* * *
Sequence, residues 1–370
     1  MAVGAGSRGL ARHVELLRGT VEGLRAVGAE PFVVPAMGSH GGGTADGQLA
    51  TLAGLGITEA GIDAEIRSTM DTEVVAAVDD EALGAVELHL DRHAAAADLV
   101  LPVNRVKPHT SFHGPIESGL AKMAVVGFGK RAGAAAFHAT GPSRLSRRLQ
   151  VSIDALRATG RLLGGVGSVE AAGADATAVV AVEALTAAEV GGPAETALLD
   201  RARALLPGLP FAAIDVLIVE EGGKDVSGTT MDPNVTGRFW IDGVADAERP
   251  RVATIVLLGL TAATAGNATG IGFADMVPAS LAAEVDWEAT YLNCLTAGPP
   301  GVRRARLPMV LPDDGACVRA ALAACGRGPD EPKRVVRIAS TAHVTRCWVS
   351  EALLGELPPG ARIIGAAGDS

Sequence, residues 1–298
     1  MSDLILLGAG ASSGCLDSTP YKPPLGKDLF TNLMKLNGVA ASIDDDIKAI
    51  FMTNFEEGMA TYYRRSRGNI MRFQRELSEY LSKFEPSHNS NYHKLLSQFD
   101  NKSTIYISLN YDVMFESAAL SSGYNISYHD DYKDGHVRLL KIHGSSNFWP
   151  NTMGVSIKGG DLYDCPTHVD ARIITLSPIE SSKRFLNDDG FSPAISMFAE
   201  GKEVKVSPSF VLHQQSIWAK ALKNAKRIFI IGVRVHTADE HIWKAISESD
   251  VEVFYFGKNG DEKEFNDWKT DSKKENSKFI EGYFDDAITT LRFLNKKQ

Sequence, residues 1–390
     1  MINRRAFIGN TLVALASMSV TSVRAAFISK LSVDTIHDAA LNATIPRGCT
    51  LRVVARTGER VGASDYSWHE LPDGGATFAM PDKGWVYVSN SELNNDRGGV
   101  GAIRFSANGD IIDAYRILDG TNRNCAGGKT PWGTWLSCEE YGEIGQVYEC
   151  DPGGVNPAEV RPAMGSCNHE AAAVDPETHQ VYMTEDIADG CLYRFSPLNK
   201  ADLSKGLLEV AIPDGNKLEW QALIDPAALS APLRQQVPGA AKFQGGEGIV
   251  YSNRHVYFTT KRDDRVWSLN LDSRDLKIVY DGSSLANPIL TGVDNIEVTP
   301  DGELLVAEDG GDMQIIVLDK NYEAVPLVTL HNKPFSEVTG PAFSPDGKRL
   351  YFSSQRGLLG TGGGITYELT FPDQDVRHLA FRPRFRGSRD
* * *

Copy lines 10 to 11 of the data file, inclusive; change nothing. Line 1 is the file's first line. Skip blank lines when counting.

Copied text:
Sequence, residues 1–298
     1  MSDLILLGAG ASSGCLDSTP YKPPLGKDLF TNLMKLNGVA ASIDDDIKAI